Modern VR controllers like the Oculus Touch, is very limited when it comes to tactile effects. Haptic gloves, on the other hand, technically complex and far from being ready for sale. Researchers from Facebook Reality Labs see a possible intermediate step in a tactile bracelet Tasbi.
Tasbi consists of six actuators that wrap around the wrist and provide accurate vibrotactile feedback. The bracelet also can be compressed to simulate pressure.
The bracelet is designed for applications of VR and AR in combination with visual and auditory stimuli from the points VR or AR and is designed to simulate the most likely tactile effects right down to the fingertips.
Tasbi now for both hands
Explorers Facebook first introduced the Tasbi last summer at the IEEE World Haptics Conference. Since then have been programmed a new haptic effects, and was developed by the second bracelet to interact with both hands.
Progress was to be presented in April at the conference, MHI 2020 in Honolulu, which was canceled due to the coronavirus. Pre-published scientific work gives an idea of the spectrum of old and new tactile effects that Tasbi is now able to model using “haptic rendering”.
Even air flow can be modeled
In addition to simple button clicks, Tasbi now cope with more complex haptic effects, for example, when interacting with rotating handles and movements tension. Tactile bracelet is now also able to mimic the smooth and the rough surface on the fingertips.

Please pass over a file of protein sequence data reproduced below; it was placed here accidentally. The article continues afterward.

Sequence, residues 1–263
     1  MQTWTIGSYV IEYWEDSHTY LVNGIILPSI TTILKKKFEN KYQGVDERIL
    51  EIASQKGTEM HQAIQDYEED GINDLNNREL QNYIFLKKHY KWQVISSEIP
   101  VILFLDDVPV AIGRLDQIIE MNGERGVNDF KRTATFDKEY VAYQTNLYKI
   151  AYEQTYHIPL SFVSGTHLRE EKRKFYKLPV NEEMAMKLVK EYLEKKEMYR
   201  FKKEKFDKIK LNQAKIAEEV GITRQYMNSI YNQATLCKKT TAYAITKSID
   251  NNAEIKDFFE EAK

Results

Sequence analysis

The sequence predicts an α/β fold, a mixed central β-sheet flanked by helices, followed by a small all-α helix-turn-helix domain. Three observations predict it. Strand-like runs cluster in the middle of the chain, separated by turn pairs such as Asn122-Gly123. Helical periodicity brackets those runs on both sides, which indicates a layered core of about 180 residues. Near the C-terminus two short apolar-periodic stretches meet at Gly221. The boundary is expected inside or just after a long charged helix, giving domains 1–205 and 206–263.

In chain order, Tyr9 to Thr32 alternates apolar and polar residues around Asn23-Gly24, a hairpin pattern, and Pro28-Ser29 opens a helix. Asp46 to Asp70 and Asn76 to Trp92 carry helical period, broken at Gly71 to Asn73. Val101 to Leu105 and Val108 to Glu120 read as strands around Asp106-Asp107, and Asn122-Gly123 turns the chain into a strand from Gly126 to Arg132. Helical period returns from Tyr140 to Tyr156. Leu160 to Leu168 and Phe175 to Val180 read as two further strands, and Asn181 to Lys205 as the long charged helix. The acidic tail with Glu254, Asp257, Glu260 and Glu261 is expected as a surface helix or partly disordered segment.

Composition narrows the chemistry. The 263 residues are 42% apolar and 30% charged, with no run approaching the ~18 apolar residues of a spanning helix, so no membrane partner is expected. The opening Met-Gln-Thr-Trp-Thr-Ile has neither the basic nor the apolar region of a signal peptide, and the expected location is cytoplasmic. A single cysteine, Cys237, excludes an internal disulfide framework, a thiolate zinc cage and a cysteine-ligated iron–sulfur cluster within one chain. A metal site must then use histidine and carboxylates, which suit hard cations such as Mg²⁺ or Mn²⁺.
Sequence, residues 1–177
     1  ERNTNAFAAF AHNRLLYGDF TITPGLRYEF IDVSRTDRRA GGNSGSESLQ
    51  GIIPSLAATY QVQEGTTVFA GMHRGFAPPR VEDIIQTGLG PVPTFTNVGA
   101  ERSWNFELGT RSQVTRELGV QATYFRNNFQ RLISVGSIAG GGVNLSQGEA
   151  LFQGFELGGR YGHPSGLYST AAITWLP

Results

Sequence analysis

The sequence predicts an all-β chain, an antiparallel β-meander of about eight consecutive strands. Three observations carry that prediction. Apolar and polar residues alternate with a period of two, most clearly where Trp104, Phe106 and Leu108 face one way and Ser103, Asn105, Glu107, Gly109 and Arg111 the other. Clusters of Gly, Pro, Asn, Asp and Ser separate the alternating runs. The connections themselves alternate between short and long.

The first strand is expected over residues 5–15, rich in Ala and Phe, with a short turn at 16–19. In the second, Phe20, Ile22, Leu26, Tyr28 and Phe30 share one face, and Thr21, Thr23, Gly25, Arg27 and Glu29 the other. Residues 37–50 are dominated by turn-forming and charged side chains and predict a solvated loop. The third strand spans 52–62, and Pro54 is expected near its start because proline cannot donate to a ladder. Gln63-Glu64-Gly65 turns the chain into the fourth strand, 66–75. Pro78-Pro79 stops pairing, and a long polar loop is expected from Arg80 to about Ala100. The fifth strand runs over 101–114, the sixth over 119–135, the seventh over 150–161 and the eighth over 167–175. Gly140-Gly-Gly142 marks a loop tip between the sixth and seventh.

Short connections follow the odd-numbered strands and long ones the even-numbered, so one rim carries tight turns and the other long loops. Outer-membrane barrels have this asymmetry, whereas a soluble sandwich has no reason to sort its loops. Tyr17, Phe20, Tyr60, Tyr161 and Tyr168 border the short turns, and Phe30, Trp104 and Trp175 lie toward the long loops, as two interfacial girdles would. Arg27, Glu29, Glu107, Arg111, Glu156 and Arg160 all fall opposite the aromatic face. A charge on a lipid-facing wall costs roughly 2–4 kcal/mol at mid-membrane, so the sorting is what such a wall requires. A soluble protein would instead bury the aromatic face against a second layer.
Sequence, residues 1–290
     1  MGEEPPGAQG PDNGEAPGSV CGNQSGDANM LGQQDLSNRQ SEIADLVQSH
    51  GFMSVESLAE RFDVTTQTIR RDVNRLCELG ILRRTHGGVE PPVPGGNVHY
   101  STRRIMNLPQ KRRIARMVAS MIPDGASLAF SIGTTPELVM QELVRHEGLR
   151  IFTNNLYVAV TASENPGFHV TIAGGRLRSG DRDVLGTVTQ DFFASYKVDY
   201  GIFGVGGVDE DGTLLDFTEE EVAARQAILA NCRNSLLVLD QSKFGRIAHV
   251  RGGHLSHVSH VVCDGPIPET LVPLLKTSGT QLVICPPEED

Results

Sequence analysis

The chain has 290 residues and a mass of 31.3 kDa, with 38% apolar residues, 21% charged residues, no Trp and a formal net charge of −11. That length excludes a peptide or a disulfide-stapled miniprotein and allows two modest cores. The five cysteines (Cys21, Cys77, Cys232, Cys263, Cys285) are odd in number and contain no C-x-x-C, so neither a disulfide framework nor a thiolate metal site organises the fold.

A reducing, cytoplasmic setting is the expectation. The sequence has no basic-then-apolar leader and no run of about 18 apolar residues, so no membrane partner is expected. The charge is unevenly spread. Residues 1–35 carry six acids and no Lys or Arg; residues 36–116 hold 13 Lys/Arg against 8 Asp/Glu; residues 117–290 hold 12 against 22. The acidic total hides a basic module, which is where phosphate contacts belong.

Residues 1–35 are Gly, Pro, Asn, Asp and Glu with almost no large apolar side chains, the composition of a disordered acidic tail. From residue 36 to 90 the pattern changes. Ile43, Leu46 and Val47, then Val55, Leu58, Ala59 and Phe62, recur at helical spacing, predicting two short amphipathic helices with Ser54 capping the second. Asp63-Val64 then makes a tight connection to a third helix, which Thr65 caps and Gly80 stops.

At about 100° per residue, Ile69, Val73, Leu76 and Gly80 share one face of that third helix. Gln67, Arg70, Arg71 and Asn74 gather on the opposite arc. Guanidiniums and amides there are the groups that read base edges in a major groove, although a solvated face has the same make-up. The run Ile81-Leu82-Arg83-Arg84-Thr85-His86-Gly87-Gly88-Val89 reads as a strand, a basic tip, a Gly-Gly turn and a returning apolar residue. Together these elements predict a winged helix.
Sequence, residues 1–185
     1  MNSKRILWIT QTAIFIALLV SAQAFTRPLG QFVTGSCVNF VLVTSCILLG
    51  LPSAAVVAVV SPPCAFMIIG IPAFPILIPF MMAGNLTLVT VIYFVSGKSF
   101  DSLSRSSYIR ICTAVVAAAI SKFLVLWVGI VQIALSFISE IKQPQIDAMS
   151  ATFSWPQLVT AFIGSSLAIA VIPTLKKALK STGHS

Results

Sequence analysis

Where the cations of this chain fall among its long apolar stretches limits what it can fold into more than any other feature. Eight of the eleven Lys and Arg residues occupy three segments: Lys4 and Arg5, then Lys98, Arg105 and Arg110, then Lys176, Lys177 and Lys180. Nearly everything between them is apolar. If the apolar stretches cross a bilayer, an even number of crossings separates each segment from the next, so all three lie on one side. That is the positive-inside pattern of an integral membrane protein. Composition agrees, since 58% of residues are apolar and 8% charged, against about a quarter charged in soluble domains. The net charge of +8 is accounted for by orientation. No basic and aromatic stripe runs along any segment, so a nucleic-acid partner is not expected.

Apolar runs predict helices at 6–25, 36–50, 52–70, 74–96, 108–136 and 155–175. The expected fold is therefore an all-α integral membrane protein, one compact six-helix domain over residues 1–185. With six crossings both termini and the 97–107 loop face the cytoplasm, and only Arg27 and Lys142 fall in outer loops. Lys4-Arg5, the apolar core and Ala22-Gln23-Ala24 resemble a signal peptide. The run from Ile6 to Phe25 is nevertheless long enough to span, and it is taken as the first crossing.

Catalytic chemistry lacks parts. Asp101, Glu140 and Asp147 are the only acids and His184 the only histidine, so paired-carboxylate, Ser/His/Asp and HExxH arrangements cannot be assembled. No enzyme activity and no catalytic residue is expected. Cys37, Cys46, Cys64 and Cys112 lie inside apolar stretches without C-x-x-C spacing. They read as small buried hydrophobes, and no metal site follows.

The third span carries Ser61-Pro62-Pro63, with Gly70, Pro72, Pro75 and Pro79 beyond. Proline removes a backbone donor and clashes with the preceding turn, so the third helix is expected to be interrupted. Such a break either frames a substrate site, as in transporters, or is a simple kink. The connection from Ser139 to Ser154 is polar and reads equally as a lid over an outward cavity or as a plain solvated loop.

Another new feature is the ability to perceive the weight and inertia of virtual objects such as, for example, a tennis racket. Even air flow from the fan must be tangible.
The bracelet can also start to simulate the physical pressure that occurs when climbing stairs, and tactfully to support a more complex two-handed interaction. The researchers cite the example of drawing the bow string, or reloading a gun.
Hand tracking, tactility and transfer thoughts
Because sooner or later the tracking system hands, designed for the Oculus Quest, must find its way into the AR brand AR points, Facebook can also support augmented reality with haptic effects.
The bracelet can also be combined with the transfer of thoughts, develop CTRL-Labs. The startup is also working on a bracelet. It is equipped with electrodes and computer chips that record the brain signals on the wrist and can be interpreted as computer commands using artificial intelligence.
Once this is to allow easy mind control for VR and AR. Technology, according to founder Thomas Reardon, may appear on the market less than five years .